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Post-American - click opera
February 2010
 
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Sat, Mar. 11th, 2006 11:08 am
Post-American

It's slightly strange for me to be back in America, because, personally, I'm post-American. Starting in 1996, I visited the US many times to play shows and do tours. I even ended up moving to New York, where I lived between March 2000 and March 2002. For a little while I might even have looked "pre-American" -- in the sense that I might have considered taking steps towards some kind of permanent residency status (as my ex-wife is now doing, though without any great enthusiasm). But after the Bush "victory" in 2000 and 9/11, I quickly became "post-American". I lost any interest in living in this country.

So it's entirely appropriate that the biennial which has brought me back is being widely described as "the post-American biennial". That term is an interesting one, and it's being used with different shades of meaning. The most trivial sense is how Linda Yablonsky in the New York Times uses the phrase: this is the "post-American" biennial because curators Philippe Vergne and Chrissie Iles are both Europeans, and because for the first time the Whitney Biennial is including foreign-born artists (like me).

Jerry Saltz, in his review of the Whitney Biennial in the Village Voice, uses the term with a wider political implication. For him the show is both "un-American" and "post-America":

"Iles and Vergne are European, more than a quarter of the 101 participating artists were born outside the U.S., and sundry others live elsewhere part-time. Even the show's title comes from a French movie, François Truffaut's 1973 film, although the movie's original title describes the biennial and the country better, The American Night."

"This show, and the art world, are trying to do what America can't or won't do: Use its power wisely, innovatively, and with attitude; be engaged and, above all, not define being a citizen of the world narrowly... "Day for Night" speaks to a nation that is no longer an ideal but only a country. That makes this the Post-America Biennial."

Over at Time Out, Andrea K. Scott tells us that "Day For Night, the new Whitney Biennial, pledges allegiance to post-America":

"Iles is British and Vergne is French, and this year the outmoded "made in the USA" Biennial mandate has been pretty much scrapped... Even the phrase "Day For Night" has foreign roots: It's the English translation of the title to Francois Truffaut's film La Nuit Americaine.... These are dark days, Iles and Vergne seem to suggest. The country is a Halliburton-backed war machine and art has pushed past its borders into a liminal twilight zone. The real accomplishment of this biennial may be in "Prying History Loose, Not Nailing It Down" (to quote Bradley Eros's essay in the exceptionally well-conceived catalog). Despite the occasional splinter, the curators have successfully dismantled the house that Breuer (and Altria) built, with an eye on a post-American world."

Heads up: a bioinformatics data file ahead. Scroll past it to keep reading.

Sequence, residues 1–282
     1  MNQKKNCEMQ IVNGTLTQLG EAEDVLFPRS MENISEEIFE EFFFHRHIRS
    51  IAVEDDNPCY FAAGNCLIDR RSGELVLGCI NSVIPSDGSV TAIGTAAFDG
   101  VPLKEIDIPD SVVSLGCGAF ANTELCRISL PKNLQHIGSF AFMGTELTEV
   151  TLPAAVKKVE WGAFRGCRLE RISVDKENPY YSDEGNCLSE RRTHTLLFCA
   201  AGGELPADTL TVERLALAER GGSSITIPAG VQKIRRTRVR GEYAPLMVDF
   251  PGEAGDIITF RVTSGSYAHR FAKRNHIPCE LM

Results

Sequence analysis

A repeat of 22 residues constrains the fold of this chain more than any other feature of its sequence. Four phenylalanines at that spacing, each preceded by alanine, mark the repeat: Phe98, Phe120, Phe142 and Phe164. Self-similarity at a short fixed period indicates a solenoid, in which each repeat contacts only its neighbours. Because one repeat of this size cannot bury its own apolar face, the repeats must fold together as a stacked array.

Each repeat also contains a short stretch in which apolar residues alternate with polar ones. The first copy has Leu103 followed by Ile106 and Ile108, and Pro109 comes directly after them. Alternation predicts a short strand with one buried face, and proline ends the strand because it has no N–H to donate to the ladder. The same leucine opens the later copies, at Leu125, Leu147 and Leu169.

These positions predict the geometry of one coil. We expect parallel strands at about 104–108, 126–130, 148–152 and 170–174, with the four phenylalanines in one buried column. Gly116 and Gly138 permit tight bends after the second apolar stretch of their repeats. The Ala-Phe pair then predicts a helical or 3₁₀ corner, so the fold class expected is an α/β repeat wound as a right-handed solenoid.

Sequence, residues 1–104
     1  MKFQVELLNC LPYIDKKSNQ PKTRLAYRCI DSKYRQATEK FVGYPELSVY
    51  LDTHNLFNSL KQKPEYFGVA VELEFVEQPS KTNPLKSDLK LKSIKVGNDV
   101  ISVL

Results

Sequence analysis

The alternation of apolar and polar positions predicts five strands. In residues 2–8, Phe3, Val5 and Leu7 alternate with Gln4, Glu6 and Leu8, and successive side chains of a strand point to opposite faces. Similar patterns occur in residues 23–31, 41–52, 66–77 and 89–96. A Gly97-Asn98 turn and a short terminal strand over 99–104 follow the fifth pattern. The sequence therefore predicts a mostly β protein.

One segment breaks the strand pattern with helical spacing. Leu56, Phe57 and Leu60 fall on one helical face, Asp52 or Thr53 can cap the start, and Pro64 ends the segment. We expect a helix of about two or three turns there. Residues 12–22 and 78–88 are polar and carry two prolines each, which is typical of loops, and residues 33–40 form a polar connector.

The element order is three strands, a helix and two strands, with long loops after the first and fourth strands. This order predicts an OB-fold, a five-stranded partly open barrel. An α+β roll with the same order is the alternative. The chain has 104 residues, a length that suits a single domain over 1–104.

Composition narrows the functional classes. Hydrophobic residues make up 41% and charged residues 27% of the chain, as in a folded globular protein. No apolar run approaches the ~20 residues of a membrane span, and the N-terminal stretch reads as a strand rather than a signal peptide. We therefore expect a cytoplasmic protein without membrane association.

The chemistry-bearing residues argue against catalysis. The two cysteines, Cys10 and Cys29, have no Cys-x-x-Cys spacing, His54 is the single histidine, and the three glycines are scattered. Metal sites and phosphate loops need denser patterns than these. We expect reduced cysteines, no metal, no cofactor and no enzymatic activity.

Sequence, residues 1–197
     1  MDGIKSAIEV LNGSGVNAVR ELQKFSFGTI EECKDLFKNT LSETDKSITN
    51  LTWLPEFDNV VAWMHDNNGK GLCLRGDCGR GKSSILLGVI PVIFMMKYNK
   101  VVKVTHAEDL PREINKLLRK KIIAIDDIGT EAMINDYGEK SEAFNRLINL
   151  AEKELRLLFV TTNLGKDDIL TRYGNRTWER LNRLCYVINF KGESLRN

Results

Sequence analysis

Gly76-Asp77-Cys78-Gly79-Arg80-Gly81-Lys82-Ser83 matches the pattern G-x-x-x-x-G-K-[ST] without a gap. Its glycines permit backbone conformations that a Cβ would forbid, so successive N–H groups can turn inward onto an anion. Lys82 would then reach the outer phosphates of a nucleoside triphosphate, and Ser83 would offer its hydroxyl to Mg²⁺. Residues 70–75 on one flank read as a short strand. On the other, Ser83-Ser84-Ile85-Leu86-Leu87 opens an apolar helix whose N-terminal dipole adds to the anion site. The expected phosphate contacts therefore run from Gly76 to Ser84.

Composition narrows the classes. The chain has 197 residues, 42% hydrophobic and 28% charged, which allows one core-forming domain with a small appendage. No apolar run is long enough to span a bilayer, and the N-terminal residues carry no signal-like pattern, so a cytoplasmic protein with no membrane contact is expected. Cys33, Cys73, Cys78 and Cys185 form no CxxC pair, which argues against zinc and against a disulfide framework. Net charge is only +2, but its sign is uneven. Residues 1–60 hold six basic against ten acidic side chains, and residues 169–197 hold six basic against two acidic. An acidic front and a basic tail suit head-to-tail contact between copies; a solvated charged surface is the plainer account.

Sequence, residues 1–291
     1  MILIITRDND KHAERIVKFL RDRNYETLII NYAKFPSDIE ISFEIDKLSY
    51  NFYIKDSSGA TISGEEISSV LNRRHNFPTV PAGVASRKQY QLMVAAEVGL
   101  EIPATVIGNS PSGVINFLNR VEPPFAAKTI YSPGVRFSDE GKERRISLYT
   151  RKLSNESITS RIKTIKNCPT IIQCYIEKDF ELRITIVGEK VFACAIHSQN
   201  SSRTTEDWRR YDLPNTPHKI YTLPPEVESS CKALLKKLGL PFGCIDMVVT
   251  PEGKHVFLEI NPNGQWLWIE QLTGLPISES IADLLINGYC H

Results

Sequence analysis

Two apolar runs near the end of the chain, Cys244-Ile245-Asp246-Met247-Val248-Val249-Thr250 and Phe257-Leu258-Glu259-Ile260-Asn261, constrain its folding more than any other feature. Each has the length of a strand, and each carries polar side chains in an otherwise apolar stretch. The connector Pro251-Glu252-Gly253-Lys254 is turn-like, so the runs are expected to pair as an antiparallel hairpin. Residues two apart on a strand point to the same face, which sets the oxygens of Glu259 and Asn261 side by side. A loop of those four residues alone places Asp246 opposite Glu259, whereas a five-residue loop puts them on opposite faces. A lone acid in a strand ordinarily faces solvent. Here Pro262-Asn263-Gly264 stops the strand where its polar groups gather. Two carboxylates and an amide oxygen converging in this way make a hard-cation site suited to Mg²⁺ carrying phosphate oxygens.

The origin of this talk of "post-America" is this statement of the curators in the biennial catalog: "At a moment when world opinion of the United States is at its lowest ebb... there seemed to be a particular urgency to make a bold curatorial statement about the current zeitgeist... The "day for night" that it reveals suggests an impulse that could be termed premodern, or pre-Enlightenment, confirming the sociologist of science Bruno Latour's argument that we have yet to become modern. We are, in other words, in a "post-America," in which America has become more of a nation than an ideal."

Now, clearly this "post-America" meme stands in opposition to the meme of the "project for a new American century", the fundamental document of the neo-con regime, justification for endless hawkish American interventions throughout the world. "Post-America" suggests that the "new American century" has already failed, a suspicion confirmed by any glance at the headlines from Iraq, or any comparison of New York's 20th century skyline with Shanghai's 21st century one.

There are other uses of the term "post-American", though. Mark Krikorian is executive director of the Center for Immigration Studies, an anti-immigrant lobby opposed to the granting of American citizenship to Mexicans, or to the employment of non-American soldiers in the US military, citizens of countries like the Philippines, lured by the possibility of a US green card ("Give me American citizenship or give me death", you could call it). Here's Krikorian in the National Review: